Note: on WPL/KM 29-inch GAS models, keep in mind that the thermal device that controls heating (it’s the ‘thermal cutout’ and controls the motor in electric models) is in the back, and looks different. That one’s a skinny little fellow, about 1-1/4 inches long by approx ¼ inch wide, mounted to the blower housing in back, next to the control tstat(s). Can be bypassed to test just like the others, though. 

Thermal cutouts

Here are the two most popular thermal cutouts used in Whirlpool-built dryers.
Top one is part # 3390719, bottom one's # 3392519

Whirlpool/KM 27-inch (wide) dryers: Mounted on the side of the element ‘can’, accessed from the front. The thermal’s furthest back on the can, behind the safety tstat. Easy to get to: use a putty knife in its top edge to release the bottom front panel, and swing the panel down. It’s easiest to remove the heat shield over the front of the element to get a little extra room to work.

Frigidaire – built (Frig, Westinghouse, Tappan, Gibson, Kelvinator): most newer models tuck theirs above the large round element ‘pan’ behind the drum. There’re often tight ones to get to, but if you pop the cabinet top (a putty knife pushed into the front, on each side, releases the top clips) and swing it up out of the way, you’ll see it back there, next to the safety tstat. It’s the smaller round device, and its wire terminals are usually the smaller 3/16 inch ones. 

GE/Hotpoint: Pre ‘Profile’ models mounted their thermal in the same basic location as Frigidaire. 

Maytag-built ‘Maycor’ units (Norge, Magic Chef, Admiral, Crosley, etc): Another somewhat tough one to access, this one’s tucked below the compact heating element’s terminals, and you’ll need to raise the cabinet top to get to it, too. I often have to use long-nosed pliers to reach my alligator-clip jumper down in there to jumper these. Tight spot. With the top raised, it’s easy to run the dryer and watch for the element to glow with the thermal jumped on these. The good news is, to get to this one you only have to pull the dryer out a short distance so the top has room to swing upward. No need to access anything in the back.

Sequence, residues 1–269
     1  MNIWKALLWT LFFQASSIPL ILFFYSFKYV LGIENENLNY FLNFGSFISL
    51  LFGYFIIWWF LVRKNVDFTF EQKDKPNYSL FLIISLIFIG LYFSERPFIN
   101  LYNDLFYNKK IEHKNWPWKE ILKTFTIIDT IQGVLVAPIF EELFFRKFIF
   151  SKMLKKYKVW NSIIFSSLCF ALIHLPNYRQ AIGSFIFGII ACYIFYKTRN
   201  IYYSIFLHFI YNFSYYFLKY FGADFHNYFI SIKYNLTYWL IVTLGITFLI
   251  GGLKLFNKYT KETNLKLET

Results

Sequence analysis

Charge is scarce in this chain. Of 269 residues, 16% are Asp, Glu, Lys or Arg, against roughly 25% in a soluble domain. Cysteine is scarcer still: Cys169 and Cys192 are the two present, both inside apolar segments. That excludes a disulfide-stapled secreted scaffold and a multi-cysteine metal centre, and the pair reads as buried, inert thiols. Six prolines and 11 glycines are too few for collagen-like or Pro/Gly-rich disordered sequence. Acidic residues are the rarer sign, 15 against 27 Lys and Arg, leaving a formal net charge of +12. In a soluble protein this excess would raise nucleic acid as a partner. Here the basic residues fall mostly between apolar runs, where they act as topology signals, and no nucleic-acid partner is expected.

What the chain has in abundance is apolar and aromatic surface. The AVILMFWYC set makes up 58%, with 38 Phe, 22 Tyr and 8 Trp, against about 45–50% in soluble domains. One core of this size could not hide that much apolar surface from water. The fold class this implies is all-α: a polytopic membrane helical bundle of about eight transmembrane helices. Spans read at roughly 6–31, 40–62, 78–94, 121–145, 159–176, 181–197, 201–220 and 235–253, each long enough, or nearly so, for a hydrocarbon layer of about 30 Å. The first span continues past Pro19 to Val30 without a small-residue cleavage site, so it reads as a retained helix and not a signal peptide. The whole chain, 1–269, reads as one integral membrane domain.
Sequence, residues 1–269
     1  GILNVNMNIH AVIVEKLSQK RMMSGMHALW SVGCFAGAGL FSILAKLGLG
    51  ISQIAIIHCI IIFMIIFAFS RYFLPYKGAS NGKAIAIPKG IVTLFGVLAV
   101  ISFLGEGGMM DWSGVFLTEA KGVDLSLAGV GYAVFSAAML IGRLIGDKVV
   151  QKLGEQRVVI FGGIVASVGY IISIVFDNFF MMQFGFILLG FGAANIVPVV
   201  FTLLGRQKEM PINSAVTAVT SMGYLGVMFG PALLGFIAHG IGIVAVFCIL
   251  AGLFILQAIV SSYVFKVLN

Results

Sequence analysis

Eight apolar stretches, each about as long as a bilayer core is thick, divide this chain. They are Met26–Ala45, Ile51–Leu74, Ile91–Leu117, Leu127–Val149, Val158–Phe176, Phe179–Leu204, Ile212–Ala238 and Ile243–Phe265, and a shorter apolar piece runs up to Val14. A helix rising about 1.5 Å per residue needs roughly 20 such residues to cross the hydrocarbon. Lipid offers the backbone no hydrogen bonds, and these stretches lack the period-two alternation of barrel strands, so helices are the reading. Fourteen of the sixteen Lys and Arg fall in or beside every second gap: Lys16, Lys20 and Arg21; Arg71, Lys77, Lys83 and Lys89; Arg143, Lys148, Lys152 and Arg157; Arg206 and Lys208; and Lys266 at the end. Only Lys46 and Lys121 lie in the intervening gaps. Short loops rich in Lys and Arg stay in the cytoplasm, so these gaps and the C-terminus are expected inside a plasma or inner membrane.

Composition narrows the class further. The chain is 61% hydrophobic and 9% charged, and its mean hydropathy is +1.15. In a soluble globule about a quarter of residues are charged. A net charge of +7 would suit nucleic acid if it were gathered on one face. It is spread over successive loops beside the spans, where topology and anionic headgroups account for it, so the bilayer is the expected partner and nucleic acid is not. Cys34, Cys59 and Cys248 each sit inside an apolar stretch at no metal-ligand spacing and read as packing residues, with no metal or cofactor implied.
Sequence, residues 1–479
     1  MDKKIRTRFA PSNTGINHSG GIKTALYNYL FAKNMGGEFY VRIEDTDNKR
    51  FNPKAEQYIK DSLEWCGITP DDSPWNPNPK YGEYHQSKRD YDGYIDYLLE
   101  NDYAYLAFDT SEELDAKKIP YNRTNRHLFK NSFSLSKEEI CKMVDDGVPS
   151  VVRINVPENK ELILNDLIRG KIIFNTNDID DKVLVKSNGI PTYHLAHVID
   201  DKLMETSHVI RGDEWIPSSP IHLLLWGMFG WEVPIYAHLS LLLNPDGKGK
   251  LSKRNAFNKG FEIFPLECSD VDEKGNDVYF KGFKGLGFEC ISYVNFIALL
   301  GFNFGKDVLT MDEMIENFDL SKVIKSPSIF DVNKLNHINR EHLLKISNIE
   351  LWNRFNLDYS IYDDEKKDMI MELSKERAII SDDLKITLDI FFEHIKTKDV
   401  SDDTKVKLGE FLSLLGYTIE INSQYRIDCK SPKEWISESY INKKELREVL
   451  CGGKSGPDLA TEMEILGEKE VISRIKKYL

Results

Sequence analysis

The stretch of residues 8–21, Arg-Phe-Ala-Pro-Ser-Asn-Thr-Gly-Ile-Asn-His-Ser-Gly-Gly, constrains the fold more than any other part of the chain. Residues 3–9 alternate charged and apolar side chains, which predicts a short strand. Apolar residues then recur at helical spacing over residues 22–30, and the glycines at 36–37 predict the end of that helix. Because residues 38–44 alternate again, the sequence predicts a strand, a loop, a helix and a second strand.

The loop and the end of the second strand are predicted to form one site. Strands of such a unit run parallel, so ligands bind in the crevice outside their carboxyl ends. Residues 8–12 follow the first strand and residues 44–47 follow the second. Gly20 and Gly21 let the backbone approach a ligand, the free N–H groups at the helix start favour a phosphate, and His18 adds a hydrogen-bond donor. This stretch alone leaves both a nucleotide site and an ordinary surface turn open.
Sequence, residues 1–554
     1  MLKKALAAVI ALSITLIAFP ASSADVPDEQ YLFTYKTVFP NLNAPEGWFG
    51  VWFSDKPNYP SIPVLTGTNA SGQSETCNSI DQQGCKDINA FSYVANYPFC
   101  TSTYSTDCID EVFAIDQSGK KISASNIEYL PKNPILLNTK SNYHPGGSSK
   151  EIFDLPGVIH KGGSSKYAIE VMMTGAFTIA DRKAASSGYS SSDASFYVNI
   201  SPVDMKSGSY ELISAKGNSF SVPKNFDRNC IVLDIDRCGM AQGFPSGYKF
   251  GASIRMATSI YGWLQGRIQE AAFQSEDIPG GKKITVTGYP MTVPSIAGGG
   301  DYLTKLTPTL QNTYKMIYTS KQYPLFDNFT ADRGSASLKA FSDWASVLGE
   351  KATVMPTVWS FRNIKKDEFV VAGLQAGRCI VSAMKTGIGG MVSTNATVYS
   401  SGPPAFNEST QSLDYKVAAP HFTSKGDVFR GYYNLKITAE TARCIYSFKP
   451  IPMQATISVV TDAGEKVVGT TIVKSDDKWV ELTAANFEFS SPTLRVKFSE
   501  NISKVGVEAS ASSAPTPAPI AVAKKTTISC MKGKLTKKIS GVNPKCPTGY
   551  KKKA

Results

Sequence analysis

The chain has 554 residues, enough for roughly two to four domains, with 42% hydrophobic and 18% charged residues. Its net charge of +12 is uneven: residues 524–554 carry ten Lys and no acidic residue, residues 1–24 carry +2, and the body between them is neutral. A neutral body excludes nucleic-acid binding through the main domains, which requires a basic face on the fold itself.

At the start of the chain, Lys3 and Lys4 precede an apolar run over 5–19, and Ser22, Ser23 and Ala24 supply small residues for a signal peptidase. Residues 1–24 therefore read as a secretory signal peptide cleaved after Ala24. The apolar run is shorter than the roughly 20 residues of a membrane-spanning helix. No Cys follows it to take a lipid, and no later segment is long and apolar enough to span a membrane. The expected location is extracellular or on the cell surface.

Note: most newer Maytag ‘Dependable Care’ machines (the last ‘real’ Maytags <grin>) have their thermal fuse on the side of their element can, similar to the Whirlpool 27 inchers. Very similar to the Speed Queen front panel: two screws are removed from the bottom, and it’s swung upward and unhooked to get access to the element area. 

Speed Queen and Amana: Removing two screws at the bottom front of these cabinets allow the front to swing out, then the top clips to unhook. With the front off, you’ll see the rectangular element can in the back, on the left side. The thermal’s mounted to the front, flat surface of the element can, and the wires are easily reached to jumper. These can be run briefly with the front panel off to test, but don’t run them very long that way if the element’s heating, because there won’t be enough airflow through the element that way, and you can quickly burn the element (or thermal fuse!) out. 

It's always a good idea to replace both the thermal fuse AND safety thermostat when the fuse is found open. In fact, most manufacturers supply these in kits that include both parts.  The thinking is, if the thermal's blown, it's a pretty fair bet that the safety tstat's been doing a LOT of cycling, and is most likely really stressed. 

One final note on these: if you find your thermal fuse (or element) open, before replacing it, be sure to check the airflow out your dryer’s vent system. Even though these devices do ‘wear out’ with age, poor airflow’s the #1 cause of failure of these devices, and if your vent’s partially clogged, a new thermal won’t last very long, but will do its job again, and leave you ’cold’ (a new element won't last long if the vent's clogged, either). 

Whirlpool recently introduced a simple little airflow test kit for their dryers that makes this an easy thing to test. Works on both their 29 and 27 inch models, and is very inexpensive. I recommend those if you own a Whirlpool-built machine. You’ll find them on the ‘parts and tools’ page of the website.